Hackers have stolen more than $3 billion in cryptocurrency so far this year, shattering the previous record of $2.1 billion set in 2021, according to blockchain analytics firm Chainalysis.
A big chunk of that $3 billion, around $718 million, was taken this month in 11 different hacks, Chainalysis said in a series of tweets posted Wednesday.
"October is now the biggest month in the biggest year ever for hacking activity, with more than half the month still to go," the company tweeted.
In past years, hackers focused their efforts on attacking crypto exchanges, but those companies have since strengthened their security, Chainalysis said. These days, cybercriminals are targeting "cross-chain bridges," which allow investors to transfer digital assets and data among different blockchains.
The bridges hold a lot of cryptocurrencies, providing a larger and more complex arena for hackers to infiltrate, according to cybersecurity experts.
"Cross-chain bridges remain a major target for hackers, with three bridges breached this month and nearly $600 million stolen, accounting for 82% of losses this month and 64% of losses all year," Chainalysis said.
Hackers initially made of with, but company officials have minimized the losses to under $100 million, its CEO said last week. Hackers also struck Nomad in August, reportedly taking nearly $200 million. Both the Binance and Nomad attacks were instances of hackers exploiting security flaws within the cross-chain bridge transaction protocols.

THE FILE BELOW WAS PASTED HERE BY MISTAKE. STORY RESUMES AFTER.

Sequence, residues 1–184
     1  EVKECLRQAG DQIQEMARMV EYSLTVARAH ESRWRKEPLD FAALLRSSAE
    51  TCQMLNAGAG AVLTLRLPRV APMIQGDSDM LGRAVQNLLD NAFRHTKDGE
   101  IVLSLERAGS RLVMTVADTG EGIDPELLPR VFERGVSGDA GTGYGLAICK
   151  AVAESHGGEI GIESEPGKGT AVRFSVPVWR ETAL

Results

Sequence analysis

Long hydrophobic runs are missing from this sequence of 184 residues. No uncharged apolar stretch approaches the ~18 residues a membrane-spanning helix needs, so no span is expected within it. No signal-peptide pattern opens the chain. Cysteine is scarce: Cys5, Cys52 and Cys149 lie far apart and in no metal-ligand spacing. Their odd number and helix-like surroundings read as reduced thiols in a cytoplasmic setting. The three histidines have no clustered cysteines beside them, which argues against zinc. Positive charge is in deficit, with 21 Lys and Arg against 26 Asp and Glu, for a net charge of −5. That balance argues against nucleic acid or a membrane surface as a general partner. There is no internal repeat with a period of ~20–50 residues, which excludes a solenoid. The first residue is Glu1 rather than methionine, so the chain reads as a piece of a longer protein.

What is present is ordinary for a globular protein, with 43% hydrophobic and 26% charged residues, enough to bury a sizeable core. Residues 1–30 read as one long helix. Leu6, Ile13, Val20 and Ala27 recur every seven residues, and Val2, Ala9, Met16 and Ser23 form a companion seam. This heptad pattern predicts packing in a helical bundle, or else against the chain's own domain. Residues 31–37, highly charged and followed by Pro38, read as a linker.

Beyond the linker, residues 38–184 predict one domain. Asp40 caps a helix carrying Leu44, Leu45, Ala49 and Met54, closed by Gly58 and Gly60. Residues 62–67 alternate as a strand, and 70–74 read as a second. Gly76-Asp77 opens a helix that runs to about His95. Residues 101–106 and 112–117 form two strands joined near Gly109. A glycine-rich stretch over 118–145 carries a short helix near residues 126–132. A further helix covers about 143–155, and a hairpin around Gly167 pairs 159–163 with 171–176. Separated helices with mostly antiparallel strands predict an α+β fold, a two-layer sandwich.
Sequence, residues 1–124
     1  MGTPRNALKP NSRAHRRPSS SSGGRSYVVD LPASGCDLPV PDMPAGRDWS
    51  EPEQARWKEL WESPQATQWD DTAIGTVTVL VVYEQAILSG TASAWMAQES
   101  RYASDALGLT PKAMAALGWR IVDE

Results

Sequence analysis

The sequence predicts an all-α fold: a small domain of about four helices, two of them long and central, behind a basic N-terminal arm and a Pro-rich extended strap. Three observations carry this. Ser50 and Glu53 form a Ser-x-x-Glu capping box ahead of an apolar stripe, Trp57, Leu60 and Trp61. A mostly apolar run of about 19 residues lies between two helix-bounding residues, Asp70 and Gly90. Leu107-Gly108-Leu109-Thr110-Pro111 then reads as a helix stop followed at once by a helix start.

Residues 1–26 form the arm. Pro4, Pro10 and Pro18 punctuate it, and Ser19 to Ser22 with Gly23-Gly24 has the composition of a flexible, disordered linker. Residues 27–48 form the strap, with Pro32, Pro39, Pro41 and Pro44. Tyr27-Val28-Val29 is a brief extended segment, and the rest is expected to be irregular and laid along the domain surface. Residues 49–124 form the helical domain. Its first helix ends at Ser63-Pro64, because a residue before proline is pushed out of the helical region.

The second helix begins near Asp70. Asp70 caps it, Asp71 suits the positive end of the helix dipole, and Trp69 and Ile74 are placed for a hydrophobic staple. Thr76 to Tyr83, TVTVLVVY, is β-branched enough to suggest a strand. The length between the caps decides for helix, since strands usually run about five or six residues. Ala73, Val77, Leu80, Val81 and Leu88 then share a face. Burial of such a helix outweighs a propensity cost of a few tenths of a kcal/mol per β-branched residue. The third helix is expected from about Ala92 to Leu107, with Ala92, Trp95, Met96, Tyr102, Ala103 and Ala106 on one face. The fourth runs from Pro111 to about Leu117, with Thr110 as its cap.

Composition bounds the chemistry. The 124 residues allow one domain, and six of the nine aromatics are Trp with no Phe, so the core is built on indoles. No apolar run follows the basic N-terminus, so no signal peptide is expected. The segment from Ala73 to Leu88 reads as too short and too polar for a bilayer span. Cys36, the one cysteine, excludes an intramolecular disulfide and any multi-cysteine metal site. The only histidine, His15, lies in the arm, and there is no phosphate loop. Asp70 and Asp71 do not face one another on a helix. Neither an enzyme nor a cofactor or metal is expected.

Crypto.com, known for its recent $700 million deal to Ronin Network were also targets of hackers this year.in Los Angeles, said in January that hackers managed to bypass its two-factor authentication system and withdraw funds from 483 customer accounts. Harmony lost about $100 million in a . and
All told, Chainalysis said there have been 125 hacks so far this year.
Binance CEO Changpeng Zhao said in an interview with CNBC last week that the crypto industry is vulnerable to hackers whenever customers move assets from one blockchain to another, but the goal is to learn from what caused the hack and develop extra safeguards in the future.
Cryptocurrency is not federally regulated or FDIC insured like a bank account, which means if an account gets hacked, the government will not work to restore a customer's funds.
for more features.